Here is the entrance sign at Aldi, Leyland. For some obscure* reason it has been sited 9 feet, six inches in the air. No other sign in the car park is sited as high. No doubt it is there for the benefit of the stilt-walking giants which are so common in Leyland.
The British Parking Association code of practice does not specify a recommended height for entrance signage, and ParkingEye are more than happy to take advantage of that oversight. Here is a picture of an entrance sign at McDonald's Bridgend, conveniently sited at the bottom of the pole, behind a bush**.
The British Parking Association have confirmed they are more than happy for ParkingEye to hide signs behind bushes.
"The operator has also provided us with the signage at this location and we do not believe this is in breach of our Code of Practice.The Prankster fully agrees with the BPA's investigative techniques, which are apparently only to rely on evidence provided by the operator and not to consider the motorists evidence or to gather their own. The Prankster fully understands that it would cost too much to investigate complaints properly.
In view of the above, we have closed the investigation."
However, he would like to point out that the Department of Transport recommendation for sign height is as follows:
(iii) Mounting heightsThis height range of approximately 3-5 feet allows the sign to be read from a moving vehicle without requiring the driver to simultaneously open the sun roof and jump up and down.
1.49 Where possible the lower edge of the sign should be between 900mm (2ft 11 inches) and 1500mm (4ft 11 inches) above the highest point of the carriageway alongside. The higher mounting should be used where excessive spray is likely to soil the signs. In built up areas signs may have to be higher for various reasons where they are erected on footways and transverse to them they must obviously allow sufficient clearance for pedestrians: 2100mm is the absolute
minimum recommended but 2300mm is preferable.
Meanwhile, back at Leyland, although the height of the sign above ground meets the BPA's non-existing regulations, other aspects do not. For car park's sited off 30 mph roads, the font size should be 6 centimetres.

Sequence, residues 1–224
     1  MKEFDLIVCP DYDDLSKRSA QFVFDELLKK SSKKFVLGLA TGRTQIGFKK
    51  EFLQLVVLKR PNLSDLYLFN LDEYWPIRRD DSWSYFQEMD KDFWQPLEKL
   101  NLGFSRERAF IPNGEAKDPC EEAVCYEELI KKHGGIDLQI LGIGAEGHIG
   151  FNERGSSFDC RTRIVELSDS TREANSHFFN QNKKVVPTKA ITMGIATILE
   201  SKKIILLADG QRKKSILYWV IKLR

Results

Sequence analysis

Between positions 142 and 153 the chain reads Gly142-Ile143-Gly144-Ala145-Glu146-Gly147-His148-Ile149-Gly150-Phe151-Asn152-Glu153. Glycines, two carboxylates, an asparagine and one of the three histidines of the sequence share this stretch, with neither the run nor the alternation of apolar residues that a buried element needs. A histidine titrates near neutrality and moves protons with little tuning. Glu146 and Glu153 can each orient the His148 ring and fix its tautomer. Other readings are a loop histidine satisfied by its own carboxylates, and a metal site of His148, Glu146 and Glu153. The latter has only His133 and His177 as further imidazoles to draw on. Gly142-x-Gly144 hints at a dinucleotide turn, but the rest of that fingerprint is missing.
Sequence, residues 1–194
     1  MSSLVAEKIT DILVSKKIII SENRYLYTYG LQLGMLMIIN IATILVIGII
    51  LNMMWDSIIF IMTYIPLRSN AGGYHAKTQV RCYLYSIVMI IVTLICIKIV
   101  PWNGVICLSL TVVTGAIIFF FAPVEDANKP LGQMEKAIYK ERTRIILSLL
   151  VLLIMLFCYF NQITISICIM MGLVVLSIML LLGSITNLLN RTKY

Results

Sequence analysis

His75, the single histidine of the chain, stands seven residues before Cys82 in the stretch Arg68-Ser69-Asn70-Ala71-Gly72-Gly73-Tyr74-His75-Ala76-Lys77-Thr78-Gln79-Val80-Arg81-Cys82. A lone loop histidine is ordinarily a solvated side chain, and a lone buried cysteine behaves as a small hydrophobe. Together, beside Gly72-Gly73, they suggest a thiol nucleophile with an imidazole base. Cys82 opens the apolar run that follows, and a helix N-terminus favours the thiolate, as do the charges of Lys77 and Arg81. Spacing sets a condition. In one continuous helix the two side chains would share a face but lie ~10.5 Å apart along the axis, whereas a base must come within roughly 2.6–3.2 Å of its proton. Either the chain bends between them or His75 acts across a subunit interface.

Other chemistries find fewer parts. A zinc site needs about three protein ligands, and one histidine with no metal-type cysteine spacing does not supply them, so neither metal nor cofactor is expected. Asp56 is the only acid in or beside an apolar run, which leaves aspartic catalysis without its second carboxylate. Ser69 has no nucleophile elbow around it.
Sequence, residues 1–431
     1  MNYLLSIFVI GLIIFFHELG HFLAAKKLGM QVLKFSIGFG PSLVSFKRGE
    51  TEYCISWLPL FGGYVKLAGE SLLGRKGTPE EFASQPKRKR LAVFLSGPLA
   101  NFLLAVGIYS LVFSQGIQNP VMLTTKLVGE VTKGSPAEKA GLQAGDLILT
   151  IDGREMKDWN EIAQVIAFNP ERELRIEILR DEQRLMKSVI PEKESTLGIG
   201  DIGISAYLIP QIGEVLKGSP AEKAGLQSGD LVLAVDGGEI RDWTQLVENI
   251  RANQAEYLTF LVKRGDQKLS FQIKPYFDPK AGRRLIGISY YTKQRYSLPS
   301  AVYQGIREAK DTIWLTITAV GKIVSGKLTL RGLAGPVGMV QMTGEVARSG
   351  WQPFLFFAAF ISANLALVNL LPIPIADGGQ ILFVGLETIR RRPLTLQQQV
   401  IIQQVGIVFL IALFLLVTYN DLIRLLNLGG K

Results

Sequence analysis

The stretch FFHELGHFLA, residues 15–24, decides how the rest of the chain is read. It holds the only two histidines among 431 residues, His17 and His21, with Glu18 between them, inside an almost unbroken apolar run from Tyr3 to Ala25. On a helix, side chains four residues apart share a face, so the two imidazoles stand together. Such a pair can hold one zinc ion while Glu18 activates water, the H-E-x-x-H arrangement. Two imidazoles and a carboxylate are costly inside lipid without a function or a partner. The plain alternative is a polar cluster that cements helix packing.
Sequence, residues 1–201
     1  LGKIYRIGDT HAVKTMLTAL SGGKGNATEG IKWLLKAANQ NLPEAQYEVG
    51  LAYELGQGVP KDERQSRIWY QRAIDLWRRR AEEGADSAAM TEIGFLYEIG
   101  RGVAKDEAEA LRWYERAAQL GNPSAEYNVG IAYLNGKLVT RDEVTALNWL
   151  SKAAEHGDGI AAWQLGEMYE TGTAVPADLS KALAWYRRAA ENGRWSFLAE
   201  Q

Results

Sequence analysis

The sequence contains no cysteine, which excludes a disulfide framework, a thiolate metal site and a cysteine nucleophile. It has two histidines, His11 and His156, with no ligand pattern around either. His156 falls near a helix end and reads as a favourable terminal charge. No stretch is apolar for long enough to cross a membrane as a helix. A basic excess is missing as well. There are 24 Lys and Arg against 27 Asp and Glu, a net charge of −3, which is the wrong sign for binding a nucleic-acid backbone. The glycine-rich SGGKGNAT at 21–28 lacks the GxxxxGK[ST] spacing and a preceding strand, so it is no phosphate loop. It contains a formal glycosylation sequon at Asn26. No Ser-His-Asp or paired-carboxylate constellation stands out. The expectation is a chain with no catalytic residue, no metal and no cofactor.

The sign is woefully short of this requirement. Here we see that the font size is only 1.8 centimetres, or less than a third of the permitted standard.
The sign should also follow this general design principle.
As is apparent, there are a few areas where ParkingEye's sign does not quite comply.
Lastly, there is a second entrance sign on the other side of the entrance which is larger and has a bigger font. It is however, not visible to cars entering by turning right, and of course it is completely non-compliant with the design principles mandated for entrance signage.
There are no signs at all in the parking areas at the front of the store.
This therefore creates several entrapment zones in the car park.
The orange blobs are the entrance signs. The yellow blobs are the normal signs. The blue ovals are the entrapment zones.
There is a big entrapment zone at the front of the store where disabled drivers park. The BPA recommend special low signs near disabled parking spaces. In contract, ParkingEye provide no signage at all. Drivers with disabilities are more likely to need longer to shop, so this is an especially cruel trap.
There is a smaller entrapment zone above this, where the left hand side has no signage.
For both these areas the only visible signs you pass are the entrance signs.
There is another entrapment zone below this. Here, you do pass one extra sign.
A video showing the lack of signage is available here.
The Parking Prankster
* The Prankster does not wish to imply that this sign is obscured.
**This sign clearly is obscured though
The Prankster would like thank the person who tipped him off about this car park.